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How to use negative space to enhance user experience

white-spaceOne of the challenges of website design is combining many disparate items like text, pictures, links and illustrations into a harmonious page. If a layout is not well thought out, even the most beautiful design elements will suffer from poor display.

Some websites succumb to the misconception that visitors must be given as much information as possible as soon as they land on a page, which leads to an attempt to cram too much stuf into a limited space. Studies have actually shown that people with fewer choices tend to pick one of them quickly, whereas those with too many choices may not pick anything at all. Consumers say they want choice, but the reality proves otherwise. They want direction. The items you present to visitors should be carefully pared down and displayed in a way that gives people's eyes a place to rest. Negative space plays a critical role in doing this successfully.

Negative space, also referred to as white space, is simply the area on any page (web or print) that is not occupied by a design element. Without white space, everything would run together and fight for the reader's attention. White space is often confused with minimalism, but it is not the same thing. While minimalist websites do employ large amounts of negative space, all sites need a good dose of white space to communicate effectively with visitors.

Utilizing negative space

White space exists on both a micro and macro level. It can be used in many subtle and overt ways to help guide visitors or highlight certain content within a page. Here are some areas to look at when reviewing your site:

1. Macro: The space between bigger design elements. Macro level items include things like pictures and blocks of text - the larger areas of content. The padding between these things, like text and images, or images and headlines, or even different columns of text should remain consistent throughout the page to create balance. Make sure there is ample room between all of the major parts of the page, or visitors might find the layout suffocating. It is hard to read text that runs right into other text or that butts up agains a picture. It also shows a lack of attention to detail that can be a turn-off.

2. Macro: The space between sections. Websites are generally sectioned into horizontal or vertical pieces. Horizontal separation is currently popular – these are sites that have different, screen-sized areas of content as you scroll down the page. Vertical separation is the more traditional method of placing content into a main area and one or more sidebars. Whichever method you choose, make sure the sections are clearly delineated with negative space. Headers, footers and featured content should all clearly stand out as such.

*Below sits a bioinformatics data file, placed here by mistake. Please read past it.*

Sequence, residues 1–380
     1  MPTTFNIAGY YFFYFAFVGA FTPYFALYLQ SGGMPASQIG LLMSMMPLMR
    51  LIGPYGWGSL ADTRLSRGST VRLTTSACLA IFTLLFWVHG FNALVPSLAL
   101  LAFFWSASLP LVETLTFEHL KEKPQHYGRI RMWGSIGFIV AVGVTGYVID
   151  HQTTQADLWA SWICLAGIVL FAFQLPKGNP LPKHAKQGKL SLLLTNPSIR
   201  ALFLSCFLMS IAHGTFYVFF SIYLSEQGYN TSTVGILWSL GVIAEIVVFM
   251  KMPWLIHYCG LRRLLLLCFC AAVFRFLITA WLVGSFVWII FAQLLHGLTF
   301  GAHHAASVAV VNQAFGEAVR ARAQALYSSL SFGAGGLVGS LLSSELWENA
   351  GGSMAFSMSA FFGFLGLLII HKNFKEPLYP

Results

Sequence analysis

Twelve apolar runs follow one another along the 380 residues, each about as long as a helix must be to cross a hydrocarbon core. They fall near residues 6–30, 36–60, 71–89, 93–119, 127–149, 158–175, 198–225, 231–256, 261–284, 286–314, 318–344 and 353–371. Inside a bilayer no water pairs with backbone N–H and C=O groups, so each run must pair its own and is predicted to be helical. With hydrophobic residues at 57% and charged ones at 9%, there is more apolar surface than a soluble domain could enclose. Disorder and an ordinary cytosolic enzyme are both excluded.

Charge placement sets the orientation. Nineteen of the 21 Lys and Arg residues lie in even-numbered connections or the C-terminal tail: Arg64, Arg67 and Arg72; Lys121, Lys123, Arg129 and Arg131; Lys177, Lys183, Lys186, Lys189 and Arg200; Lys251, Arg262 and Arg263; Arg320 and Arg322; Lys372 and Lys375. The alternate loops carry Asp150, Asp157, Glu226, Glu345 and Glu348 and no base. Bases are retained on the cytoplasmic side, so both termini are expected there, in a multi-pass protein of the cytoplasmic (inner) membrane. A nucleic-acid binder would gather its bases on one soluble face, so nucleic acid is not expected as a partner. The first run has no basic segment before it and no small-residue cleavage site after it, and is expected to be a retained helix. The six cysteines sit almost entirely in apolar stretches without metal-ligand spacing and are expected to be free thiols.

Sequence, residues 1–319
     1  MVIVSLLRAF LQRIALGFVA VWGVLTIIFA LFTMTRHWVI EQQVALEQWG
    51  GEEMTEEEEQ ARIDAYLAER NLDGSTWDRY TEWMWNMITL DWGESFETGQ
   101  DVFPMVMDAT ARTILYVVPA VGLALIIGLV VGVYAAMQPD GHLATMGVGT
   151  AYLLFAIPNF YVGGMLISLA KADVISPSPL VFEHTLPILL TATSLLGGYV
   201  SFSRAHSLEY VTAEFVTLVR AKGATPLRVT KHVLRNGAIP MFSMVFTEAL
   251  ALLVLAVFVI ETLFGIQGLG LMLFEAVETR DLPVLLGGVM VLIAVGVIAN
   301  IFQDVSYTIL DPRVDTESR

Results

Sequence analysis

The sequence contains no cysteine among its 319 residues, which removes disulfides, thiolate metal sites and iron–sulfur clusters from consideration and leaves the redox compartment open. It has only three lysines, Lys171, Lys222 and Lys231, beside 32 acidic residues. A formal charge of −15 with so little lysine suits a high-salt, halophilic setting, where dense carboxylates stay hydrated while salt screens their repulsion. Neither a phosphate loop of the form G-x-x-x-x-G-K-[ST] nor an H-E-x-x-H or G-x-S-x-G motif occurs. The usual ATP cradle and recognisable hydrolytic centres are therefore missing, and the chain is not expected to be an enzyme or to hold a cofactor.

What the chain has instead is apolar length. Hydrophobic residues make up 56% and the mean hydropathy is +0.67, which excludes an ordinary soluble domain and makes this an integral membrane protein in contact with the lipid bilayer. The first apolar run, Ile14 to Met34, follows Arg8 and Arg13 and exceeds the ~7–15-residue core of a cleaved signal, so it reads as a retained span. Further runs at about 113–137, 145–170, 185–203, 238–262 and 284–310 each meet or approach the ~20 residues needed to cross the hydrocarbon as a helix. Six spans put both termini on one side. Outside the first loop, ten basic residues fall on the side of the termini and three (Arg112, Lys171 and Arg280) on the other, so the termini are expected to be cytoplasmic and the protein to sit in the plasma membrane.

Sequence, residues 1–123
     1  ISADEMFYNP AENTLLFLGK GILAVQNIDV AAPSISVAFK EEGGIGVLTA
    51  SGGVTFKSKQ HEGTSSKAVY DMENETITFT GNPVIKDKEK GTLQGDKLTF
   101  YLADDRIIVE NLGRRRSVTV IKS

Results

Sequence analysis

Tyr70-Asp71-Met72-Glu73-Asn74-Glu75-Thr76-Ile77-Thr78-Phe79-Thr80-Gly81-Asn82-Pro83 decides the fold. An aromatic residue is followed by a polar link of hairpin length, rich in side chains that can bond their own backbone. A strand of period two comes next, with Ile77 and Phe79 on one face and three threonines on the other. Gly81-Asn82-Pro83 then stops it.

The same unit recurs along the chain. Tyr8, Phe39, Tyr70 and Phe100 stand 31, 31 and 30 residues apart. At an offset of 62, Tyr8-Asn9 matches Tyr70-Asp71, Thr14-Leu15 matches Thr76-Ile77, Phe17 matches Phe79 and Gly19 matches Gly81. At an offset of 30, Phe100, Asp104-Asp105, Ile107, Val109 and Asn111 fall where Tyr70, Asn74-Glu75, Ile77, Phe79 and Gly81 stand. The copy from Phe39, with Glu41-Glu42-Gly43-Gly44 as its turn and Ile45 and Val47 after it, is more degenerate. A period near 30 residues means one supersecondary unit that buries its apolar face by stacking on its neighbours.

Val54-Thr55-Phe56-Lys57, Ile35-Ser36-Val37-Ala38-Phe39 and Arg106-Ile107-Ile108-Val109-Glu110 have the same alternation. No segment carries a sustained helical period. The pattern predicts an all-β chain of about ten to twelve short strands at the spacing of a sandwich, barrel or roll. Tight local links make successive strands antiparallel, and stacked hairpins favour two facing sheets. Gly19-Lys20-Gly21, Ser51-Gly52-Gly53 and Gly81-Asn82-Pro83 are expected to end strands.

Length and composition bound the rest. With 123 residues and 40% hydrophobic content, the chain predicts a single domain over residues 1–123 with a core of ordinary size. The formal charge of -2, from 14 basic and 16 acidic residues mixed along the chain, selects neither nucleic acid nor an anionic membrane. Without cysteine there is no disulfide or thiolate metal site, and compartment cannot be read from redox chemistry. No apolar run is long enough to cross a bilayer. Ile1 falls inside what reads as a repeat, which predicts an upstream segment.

3. Micro: The space between lines of text. The space between lines of text is referred to as leading, or line-height in CSS speak, and it is very important for the sake of readability. When individual lines of text within a paragraph or bulleted list are too close together, the whole page becomes difficult to read. It is hard to distinguish one line from another. Reading on a screen puts more strain on the eyes than reading print, so you should make every effort to ease the burden on your visitors.

4. Micro: The space between letters. Letter spacing, or kerning, has become more of an issue with the proliferation of new web fonts. Back when only a few fonts were considered acceptable for use online, spacing between letters was generally handled well by default. Now, condensed fonts, handwriting fonts, display fonts, and more are all available for easy use. Some of them handle letter-spacing better than others. If you are using a non-traditional font, make sure to take a quick look at whether the kerning affects readability. Are your letters too close together or too far apart? If so, they can be adjusted.

Most people don't expend a lot of mental energy thinking about white space. When websites use it well, it goes unnoticed. Visitors are able to focus on the content and find the information they need; they don't have to give any thought as to how the layout is helping make that process easier. When negative space is not present, however, the result can be jarring. Text is difficult to read, there is no clear direction, and there is no easy way to process all the different pieces. The separation created by unfilled areas is necessary to help organize information and provide visual calm.